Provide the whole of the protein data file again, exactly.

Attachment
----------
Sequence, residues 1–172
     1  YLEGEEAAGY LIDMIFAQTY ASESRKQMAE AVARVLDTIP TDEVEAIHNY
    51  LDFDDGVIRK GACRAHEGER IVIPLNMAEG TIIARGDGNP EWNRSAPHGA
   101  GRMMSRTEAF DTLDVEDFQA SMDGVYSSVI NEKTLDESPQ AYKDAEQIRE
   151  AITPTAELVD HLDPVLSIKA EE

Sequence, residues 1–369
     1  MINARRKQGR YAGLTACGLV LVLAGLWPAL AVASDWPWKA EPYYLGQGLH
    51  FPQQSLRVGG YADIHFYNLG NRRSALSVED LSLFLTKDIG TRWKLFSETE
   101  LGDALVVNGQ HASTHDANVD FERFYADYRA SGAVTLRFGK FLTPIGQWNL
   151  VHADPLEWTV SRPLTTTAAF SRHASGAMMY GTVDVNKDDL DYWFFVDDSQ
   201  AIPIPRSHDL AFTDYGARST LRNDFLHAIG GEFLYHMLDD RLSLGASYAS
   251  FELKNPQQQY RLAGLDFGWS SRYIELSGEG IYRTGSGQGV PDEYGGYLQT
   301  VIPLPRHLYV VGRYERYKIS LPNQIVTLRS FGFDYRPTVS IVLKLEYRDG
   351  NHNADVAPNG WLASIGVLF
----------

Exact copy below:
Sequence, residues 1–172
     1  YLEGEEAAGY LIDMIFAQTY ASESRKQMAE AVARVLDTIP TDEVEAIHNY
    51  LDFDDGVIRK GACRAHEGER IVIPLNMAEG TIIARGDGNP EWNRSAPHGA
   101  GRMMSRTEAF DTLDVEDFQA SMDGVYSSVI NEKTLDESPQ AYKDAEQIRE
   151  AITPTAELVD HLDPVLSIKA EE

Sequence, residues 1–369
     1  MINARRKQGR YAGLTACGLV LVLAGLWPAL AVASDWPWKA EPYYLGQGLH
    51  FPQQSLRVGG YADIHFYNLG NRRSALSVED LSLFLTKDIG TRWKLFSETE
   101  LGDALVVNGQ HASTHDANVD FERFYADYRA SGAVTLRFGK FLTPIGQWNL
   151  VHADPLEWTV SRPLTTTAAF SRHASGAMMY GTVDVNKDDL DYWFFVDDSQ
   201  AIPIPRSHDL AFTDYGARST LRNDFLHAIG GEFLYHMLDD RLSLGASYAS
   251  FELKNPQQQY RLAGLDFGWS SRYIELSGEG IYRTGSGQGV PDEYGGYLQT
   301  VIPLPRHLYV VGRYERYKIS LPNQIVTLRS FGFDYRPTVS IVLKLEYRDG
   351  NHNADVAPNG WLASIGVLF